Man arrested after trying to stab several in Sydney
SYDNEY (AP) — A knife-wielding man yelling "Allahu akbar," or "God is great," attempted to stab several people in downtown Sydney on Tuesday before being restrained by members of the public, with a woman taken to a hospital, police and witnesses said.
New South Wales state police said in a statement that they were investigating whether the rampage was linked to the death of a woman whose body was found later in an apartment on the same street as the bar where the injured woman was stabbed.
Witnesses said the man was carrying a 30-centimeter (12-inch) kitchen knife as he attempted to stab multiple people near a busy intersection in Australia's largest city at around 2 p.m.
Police said that a man was arrested, and that a woman with a stab wound was taken to a hospital in stable condition. It was unclear whether the man had stabbed anyone else.
Police said the body of the second woman was discovered in a fourth-floor apartment at around 3:15 p.m.
"A number of members of the public physically restrained the offender," police Superintendent Gavin Wood said. "I want to acknowledge those members of the public who got involved. They were significantly brave people."
Video showed that people had pinned the man to the pavement on his back with a plastic milk crate over his head and two chairs over his body.
Wood said it appeared that the attack was unprovoked and the man had acted alone. He said that after the woman was stabbed, the man "attempted to stab multiple people. Those attempts, thankfully, were unsuccessful."
An Uber driver said the assailant jumped on the hood of his Mercedes as he was driving an elderly couple down the street where the violence unfolded. The driver, who did not give his name, told Nine Network News that the man fell off the car when he accelerated and turned down a side street.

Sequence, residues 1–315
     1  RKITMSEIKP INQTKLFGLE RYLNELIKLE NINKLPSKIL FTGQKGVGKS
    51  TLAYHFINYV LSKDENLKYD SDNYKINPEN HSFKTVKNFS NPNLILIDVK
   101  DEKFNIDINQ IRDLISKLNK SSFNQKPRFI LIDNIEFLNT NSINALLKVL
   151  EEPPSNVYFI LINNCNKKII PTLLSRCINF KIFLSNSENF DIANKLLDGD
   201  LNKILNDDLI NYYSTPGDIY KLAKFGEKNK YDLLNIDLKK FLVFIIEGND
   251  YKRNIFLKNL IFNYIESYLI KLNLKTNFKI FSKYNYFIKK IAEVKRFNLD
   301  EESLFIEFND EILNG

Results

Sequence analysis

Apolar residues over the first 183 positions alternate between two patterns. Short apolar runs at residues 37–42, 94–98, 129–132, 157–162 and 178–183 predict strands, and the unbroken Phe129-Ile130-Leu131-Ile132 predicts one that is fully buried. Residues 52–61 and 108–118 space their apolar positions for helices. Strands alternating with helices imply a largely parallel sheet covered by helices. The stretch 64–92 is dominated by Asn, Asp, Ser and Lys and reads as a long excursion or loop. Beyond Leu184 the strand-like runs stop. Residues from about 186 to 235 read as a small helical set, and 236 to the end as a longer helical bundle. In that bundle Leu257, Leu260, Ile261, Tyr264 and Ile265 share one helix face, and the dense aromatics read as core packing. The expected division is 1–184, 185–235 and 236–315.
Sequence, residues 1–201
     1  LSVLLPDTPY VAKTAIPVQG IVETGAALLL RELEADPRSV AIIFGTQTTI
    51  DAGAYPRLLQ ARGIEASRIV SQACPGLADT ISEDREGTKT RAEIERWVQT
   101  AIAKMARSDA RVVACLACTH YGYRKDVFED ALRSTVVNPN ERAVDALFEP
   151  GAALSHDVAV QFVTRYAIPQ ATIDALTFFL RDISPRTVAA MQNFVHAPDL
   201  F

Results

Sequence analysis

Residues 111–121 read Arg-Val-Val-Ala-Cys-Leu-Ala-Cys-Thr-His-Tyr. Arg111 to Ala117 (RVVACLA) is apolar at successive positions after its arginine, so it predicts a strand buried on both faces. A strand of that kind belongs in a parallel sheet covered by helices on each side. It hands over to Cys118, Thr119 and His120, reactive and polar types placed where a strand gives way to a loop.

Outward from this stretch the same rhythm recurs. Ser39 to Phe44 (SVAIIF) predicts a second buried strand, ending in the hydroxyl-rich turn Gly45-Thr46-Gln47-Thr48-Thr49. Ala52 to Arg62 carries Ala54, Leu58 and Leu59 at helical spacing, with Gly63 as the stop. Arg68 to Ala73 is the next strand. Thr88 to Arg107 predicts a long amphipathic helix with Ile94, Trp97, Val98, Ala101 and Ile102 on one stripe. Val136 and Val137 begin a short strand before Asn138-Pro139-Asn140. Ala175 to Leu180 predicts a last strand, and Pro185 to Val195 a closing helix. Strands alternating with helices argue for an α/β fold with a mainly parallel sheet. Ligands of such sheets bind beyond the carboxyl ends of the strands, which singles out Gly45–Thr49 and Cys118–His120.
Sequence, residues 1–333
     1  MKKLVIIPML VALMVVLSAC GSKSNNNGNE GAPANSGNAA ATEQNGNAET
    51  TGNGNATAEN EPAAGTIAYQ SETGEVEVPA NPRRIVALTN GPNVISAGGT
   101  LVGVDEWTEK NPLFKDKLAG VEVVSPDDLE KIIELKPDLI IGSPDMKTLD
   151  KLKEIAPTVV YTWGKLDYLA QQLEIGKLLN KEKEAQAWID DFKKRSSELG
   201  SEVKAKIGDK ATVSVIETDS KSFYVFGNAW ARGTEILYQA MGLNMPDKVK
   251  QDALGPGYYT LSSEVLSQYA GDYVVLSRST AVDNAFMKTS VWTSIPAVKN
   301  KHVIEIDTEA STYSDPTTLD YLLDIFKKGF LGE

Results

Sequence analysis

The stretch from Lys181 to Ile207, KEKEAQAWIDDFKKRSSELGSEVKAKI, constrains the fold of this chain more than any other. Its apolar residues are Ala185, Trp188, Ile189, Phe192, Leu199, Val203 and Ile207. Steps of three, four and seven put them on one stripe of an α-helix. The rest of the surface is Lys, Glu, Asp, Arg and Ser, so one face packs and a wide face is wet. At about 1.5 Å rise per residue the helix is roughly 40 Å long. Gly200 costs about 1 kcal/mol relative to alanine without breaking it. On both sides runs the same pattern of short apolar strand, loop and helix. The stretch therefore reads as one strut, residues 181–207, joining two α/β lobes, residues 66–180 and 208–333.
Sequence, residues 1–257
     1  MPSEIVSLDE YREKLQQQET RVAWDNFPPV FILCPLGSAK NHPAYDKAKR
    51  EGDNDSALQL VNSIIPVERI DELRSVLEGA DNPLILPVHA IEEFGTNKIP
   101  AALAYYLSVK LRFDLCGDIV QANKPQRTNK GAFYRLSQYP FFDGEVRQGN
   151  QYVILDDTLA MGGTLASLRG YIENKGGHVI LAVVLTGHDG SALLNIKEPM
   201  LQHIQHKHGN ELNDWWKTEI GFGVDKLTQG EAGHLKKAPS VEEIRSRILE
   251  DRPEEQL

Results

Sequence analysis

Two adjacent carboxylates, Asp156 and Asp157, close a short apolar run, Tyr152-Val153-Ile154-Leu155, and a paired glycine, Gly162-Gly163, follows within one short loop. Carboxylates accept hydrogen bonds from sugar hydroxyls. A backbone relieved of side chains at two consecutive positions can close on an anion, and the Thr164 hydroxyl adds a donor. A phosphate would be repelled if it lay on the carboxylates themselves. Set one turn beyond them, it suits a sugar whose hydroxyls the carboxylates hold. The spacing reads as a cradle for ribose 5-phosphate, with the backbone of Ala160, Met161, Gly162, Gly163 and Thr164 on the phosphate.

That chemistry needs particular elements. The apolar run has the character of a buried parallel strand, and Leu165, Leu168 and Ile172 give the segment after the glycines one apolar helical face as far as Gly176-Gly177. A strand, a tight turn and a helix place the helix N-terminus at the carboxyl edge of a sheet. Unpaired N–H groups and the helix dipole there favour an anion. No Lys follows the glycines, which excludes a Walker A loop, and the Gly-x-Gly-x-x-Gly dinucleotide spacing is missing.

A witness told reporters that the man was screaming comments about religion, before yelling to police that he wanted to be shot. Police said he used the Arabic phrase "Allahu akbar."
A witness, Paul O'Shaughnessy, said he and his brother Luke were working in the office of their recruitment company when they heard shouting through an open window. They looked out and saw a Caucasian man, aged around 25, screaming "extremist" words, O'Shaughnessy said.
The brothers, fearing the man was conducting a terrorist attack, ran down to the street and began chasing the man, who was covered in blood.
Luke O'Shaughnessy and another man caught up with the offender and tackled him to the ground, Paul O'Shaughnessy said. Along with other passers-by, they used a milk crate and a chair to keep him pinned to the ground, he said.
Paul O'Shaughnessy told The Associated Press that the man "didn't show any remorse at all."
Prime Minister Scott Morrison said on Twitter that the violence was "deeply concerning" and praised the members of the public who restrained the assailant.
Associated Press writer Kristen Gelineau in Sydney and Rod McGuirk in Canberra, Australia, contributed to this report.